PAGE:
A range of demographic groups are looking for more from their residential accommodation. Investors are capitalising on the opportunity
People of all ages are embracing flexible living and working. The rise of the gig economy, more sophisticated mobile technology and a drive for collaboration made co-working a global phenomenon. The residential sector is now undergoing a similar transformation. Happy to share office space with relative strangers, more people are now willing to adopt the same approach for living.
This comes as a global demographic shift is underway. While populations in much of the developed world are ageing, populations in much of Africa and parts of Asia are forecast to remain youthful. Even in ageing countries, certain cities remain attractive to young, mobile and well-educated professionals. This creates opportunity for providers of flexible forms of accommodation, for both the young and old. Understanding where the hotspots for such age groups are will be key to maximising this opportunity.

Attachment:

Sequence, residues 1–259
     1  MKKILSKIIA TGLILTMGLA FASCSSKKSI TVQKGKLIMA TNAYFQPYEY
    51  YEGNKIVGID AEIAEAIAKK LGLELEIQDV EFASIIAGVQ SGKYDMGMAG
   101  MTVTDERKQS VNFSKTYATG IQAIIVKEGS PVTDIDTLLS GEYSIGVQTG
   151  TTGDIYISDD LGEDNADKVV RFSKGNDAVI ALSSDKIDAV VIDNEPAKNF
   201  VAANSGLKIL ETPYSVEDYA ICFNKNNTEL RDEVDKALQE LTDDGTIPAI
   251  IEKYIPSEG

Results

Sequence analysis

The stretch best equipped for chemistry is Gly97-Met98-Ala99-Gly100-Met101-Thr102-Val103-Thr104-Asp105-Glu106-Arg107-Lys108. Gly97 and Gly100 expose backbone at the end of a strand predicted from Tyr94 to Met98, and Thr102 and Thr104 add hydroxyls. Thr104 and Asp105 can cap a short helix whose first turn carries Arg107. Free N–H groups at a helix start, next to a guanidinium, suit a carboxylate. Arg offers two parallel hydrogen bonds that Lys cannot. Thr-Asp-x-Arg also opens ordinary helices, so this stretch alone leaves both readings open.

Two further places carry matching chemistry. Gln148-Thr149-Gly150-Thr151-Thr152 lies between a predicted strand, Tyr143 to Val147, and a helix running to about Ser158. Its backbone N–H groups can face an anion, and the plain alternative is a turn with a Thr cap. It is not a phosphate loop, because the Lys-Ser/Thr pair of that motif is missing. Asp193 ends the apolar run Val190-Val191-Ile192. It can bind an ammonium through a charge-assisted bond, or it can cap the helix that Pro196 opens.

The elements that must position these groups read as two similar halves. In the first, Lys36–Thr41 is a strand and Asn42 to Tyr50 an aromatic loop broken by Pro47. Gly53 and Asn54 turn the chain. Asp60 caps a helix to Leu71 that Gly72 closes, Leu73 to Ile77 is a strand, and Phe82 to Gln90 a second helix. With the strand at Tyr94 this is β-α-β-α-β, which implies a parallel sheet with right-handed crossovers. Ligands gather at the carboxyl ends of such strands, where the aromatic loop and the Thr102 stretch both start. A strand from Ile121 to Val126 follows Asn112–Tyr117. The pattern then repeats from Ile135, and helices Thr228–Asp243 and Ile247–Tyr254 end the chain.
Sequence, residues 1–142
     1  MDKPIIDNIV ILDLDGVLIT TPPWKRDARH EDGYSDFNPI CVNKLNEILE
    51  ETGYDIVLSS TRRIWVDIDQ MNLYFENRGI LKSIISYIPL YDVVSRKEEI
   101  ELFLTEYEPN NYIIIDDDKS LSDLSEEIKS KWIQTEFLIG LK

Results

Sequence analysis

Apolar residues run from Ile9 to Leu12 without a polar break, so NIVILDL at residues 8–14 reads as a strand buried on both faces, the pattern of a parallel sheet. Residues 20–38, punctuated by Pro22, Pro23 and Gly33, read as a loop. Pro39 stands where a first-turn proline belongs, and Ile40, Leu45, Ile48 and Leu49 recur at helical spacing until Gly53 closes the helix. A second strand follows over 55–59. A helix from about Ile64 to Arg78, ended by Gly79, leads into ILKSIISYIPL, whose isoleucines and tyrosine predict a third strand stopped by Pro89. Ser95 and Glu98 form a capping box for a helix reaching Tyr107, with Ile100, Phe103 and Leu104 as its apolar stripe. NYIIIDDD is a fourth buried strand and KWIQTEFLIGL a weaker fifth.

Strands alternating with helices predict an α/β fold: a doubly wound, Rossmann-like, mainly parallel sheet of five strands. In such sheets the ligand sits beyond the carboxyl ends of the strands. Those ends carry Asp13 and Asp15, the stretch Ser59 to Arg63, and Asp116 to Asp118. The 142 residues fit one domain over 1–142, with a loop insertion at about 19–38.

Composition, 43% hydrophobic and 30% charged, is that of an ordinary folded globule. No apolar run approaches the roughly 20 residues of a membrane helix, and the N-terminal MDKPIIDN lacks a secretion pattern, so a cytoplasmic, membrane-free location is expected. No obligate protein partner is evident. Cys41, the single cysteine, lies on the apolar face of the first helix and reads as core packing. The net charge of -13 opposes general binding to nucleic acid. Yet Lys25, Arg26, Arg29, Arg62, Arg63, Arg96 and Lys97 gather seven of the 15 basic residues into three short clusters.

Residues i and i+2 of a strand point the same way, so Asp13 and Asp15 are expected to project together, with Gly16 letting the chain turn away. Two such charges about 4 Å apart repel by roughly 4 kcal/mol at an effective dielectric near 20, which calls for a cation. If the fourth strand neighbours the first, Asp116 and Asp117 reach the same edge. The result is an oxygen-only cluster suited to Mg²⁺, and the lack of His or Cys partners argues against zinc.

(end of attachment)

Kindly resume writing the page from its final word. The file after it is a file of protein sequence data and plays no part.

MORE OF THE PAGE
Changing attitudes to home ownership are reinforcing these demographic trends. The Global Financial Crisis (GFC) was a turning point. In Spain, the recession changed homeownership from a symbol of stability and security to one of financial risk. In the UK and Ireland, first time buyers have been impacted by more stringent mortgage lending requirements. The aspiration for home ownership hasn’t gone away, but the better quality purpose-built rental product on offer is making renting a desirable option, rather than a last resort.
Structural changes in demand, together with new purpose-built supply coming to market, have opened the sector to more investors than ever before. As management platforms develop, investor comfort with operational real estate has increased. Globally, investment into residential rose in the first part of 2019, at a time when investment into all other major asset classes declined, proving its resilience as global markets slow.
The Fizz, Hannover
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